Achieving Sustainable Mining in Africa
Africa’s mining potential is mammoth, being well endowed with mineral resources. The continent has over 30% of the world’s reserves producing over 60 different minerals. The enormous mining potential along with improvements in transparency in fiscal and regulatory policies have led to a rise in investments over the years. Simultaneously, there has also been a rise of awareness in areas of environmental and social impacts amongst mining companies. The International Council on Mining and Metals (ICMM) has helped to frame the agenda for sustainable mining and provides guidance on key issues for the sector. Several African mining countries have also reformed their laws requiring the extractive industry to actively engage with the local communities and abide by the environmental regulations as part of their operating strategy.
The goal of undertaking responsible mining in Africa led to the formation of The African Mining Vision advocating ‘’transparent, equitable and optimal exploitation of mineral resources to underpin broad-based sustainable growth and socio-economic development. The vision is therefore consistent with the principles of sustainable development, wealth creation and the integration of the mining sector into Africa’s social and economic development process.’’ (https://sustainabledevelopment.un.org) National mining policies and legislation have modified to embrace broader development goals such as considering the value position of the mineral value chain in the socio-economic development of a nation. Such reforms have had a positive effect reducing negative environmental impacts caused by mining activities. Mining activities are now seeking ways to utilise renewable energy more in comparison to fossil fuels. Corporate Social Responsibility is now being taken as an important part of the business model.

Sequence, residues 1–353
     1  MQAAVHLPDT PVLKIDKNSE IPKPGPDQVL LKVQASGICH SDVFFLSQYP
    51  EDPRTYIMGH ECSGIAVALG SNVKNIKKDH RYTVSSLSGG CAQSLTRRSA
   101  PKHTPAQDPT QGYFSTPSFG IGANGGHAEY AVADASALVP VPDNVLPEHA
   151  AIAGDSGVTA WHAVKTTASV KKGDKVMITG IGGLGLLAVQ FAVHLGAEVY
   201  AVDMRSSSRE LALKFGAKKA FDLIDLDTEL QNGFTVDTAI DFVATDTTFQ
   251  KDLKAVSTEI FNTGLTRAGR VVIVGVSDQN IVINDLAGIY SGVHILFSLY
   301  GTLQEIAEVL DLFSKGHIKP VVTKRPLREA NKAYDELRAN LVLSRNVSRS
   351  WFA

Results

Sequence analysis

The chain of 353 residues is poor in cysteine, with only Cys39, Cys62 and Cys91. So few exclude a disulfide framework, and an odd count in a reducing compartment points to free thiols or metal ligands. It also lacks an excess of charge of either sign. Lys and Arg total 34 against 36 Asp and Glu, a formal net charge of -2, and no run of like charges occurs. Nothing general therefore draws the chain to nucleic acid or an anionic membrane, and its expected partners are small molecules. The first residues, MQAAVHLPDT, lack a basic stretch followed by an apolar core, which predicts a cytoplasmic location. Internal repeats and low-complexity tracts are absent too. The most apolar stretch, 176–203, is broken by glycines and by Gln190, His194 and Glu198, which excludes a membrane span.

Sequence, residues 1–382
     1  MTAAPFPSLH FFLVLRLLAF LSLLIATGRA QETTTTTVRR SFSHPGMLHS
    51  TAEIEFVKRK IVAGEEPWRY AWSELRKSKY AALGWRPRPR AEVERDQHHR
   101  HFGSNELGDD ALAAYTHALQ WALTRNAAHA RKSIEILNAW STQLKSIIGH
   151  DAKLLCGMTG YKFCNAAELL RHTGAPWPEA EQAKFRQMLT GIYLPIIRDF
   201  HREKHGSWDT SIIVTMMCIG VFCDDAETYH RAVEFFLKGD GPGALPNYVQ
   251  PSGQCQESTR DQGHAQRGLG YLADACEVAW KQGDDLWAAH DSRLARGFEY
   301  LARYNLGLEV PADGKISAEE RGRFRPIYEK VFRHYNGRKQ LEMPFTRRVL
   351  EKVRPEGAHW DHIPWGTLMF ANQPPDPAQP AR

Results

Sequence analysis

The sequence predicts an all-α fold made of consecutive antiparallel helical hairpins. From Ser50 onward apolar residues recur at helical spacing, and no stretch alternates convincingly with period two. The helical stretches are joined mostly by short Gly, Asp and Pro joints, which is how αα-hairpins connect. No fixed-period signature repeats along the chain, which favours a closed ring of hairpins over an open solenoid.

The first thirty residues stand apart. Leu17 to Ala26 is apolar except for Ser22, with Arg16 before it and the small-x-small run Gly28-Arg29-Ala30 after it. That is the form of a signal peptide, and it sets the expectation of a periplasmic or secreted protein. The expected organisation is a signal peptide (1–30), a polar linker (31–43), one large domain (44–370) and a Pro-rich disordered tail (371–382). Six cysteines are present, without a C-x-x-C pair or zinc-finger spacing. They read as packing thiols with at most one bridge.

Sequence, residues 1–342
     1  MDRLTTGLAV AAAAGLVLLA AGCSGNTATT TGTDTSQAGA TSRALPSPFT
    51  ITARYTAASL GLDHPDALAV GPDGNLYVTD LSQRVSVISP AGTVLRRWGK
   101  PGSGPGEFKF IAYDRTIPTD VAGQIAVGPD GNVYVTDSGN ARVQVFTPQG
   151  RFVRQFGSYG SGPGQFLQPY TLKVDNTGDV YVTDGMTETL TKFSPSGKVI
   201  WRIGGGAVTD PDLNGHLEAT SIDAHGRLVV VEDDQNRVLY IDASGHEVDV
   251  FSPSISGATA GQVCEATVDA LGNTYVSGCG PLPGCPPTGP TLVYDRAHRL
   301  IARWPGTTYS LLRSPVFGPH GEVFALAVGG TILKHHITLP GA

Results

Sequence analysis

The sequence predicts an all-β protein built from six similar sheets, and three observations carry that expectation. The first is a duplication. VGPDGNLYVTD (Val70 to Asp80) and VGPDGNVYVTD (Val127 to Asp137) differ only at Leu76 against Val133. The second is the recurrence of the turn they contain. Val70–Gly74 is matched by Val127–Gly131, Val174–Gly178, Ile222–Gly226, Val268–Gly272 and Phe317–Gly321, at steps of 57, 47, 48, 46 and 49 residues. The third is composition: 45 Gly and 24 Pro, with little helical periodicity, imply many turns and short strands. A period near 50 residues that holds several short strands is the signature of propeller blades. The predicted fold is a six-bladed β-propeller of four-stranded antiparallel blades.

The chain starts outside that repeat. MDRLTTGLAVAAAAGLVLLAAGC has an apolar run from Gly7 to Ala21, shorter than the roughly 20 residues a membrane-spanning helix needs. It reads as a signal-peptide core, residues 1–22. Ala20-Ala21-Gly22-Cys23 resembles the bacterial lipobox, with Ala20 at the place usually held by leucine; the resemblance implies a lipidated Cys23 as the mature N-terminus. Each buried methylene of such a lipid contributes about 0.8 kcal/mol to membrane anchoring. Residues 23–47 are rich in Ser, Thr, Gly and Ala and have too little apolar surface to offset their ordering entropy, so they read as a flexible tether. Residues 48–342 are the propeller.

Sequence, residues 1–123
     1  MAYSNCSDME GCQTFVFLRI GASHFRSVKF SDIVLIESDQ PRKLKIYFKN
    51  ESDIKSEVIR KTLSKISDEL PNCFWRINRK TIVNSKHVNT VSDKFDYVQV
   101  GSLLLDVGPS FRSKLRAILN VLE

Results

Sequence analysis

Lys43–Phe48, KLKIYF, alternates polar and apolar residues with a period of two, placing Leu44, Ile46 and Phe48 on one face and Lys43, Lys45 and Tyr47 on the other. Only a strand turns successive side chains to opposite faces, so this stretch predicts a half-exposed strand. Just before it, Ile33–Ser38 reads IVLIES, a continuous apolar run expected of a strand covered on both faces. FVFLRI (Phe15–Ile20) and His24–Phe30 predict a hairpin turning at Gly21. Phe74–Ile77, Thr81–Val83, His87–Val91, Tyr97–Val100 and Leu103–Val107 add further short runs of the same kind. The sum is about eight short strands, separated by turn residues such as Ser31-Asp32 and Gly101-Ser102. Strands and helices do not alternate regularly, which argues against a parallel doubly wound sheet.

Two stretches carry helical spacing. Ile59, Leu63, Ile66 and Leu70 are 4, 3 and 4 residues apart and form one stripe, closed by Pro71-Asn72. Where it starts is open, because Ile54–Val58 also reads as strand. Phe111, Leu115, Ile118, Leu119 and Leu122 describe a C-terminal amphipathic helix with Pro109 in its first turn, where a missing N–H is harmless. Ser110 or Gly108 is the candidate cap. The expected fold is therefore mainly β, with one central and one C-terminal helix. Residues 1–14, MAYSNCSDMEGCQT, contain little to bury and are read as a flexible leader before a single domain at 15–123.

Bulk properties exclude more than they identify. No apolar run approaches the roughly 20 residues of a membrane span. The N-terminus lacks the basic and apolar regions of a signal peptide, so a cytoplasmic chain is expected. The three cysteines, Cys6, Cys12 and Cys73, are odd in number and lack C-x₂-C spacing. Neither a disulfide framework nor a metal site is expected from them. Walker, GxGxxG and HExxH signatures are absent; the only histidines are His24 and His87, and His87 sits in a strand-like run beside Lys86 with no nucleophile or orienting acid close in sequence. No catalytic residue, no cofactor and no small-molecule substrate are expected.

South Africa: Mining is the backbone to South Africa’s economy and key industry players are currently also focussing on sustainable prosperity apart from profit-making potential. Market leader such as Anglo American Platinum develop socio-economic programmes such as agricultural programmes and contribute significantly to South African education and health by building schools, clinics, roads etc. they also ensure that resources such as water and energy are optimised and saved. E.g. they reduced their water consumption decreased from 33.4 million metres cubed to 27.1 million metres cubed.
Zambia: Konkola Copper Mines, one of Africa’s largest copper producers has launched the ‘Going Green Initiative’ to restore the environment around KCM’s mining sites. KCM’s strategies go beyond mining where it is undertaking several projects in agribusiness and planning to produce biofuel. KCM also aims to grow a high-quality leather industry, thereby creating more jobs for the community. They plan to build a vibrant and diversifies economic hub in the Copperbelt.
Mali: Mali, being the third largest producer of Gold in Africa is encouraging artisanal mining where Mali’s chamber of mines and the government are negotiating with banks to give small miners easier access to financing for equipment, and newly formed cooperatives would be supervised and revenues distributed equitably.
Mozambique: Mozambique’s legal framework for environmental management is well developed, and recent legal reforms have strengthened key public interest safeguards. The government is addressing the issue of sustainable mining for rubies as the wise exploitation of rubies and mineral resources is one of the major challenges faced by Mozambicans. The government intensified security in the area and ensured illegal mining was stopped.